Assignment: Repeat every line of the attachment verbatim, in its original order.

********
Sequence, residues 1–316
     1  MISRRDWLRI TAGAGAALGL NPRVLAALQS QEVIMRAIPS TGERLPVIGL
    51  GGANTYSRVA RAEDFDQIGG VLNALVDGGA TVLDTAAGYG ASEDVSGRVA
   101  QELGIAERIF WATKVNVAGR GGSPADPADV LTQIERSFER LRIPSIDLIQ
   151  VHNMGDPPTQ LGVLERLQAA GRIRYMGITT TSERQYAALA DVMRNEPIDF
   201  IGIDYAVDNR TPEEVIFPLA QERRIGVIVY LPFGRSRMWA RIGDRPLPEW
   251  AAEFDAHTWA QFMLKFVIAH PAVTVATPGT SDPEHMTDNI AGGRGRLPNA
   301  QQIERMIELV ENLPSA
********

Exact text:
Sequence, residues 1–316
     1  MISRRDWLRI TAGAGAALGL NPRVLAALQS QEVIMRAIPS TGERLPVIGL
    51  GGANTYSRVA RAEDFDQIGG VLNALVDGGA TVLDTAAGYG ASEDVSGRVA
   101  QELGIAERIF WATKVNVAGR GGSPADPADV LTQIERSFER LRIPSIDLIQ
   151  VHNMGDPPTQ LGVLERLQAA GRIRYMGITT TSERQYAALA DVMRNEPIDF
   201  IGIDYAVDNR TPEEVIFPLA QERRIGVIVY LPFGRSRMWA RIGDRPLPEW
   251  AAEFDAHTWA QFMLKFVIAH PAVTVATPGT SDPEHMTDNI AGGRGRLPNA
   301  QQIERMIELV ENLPSA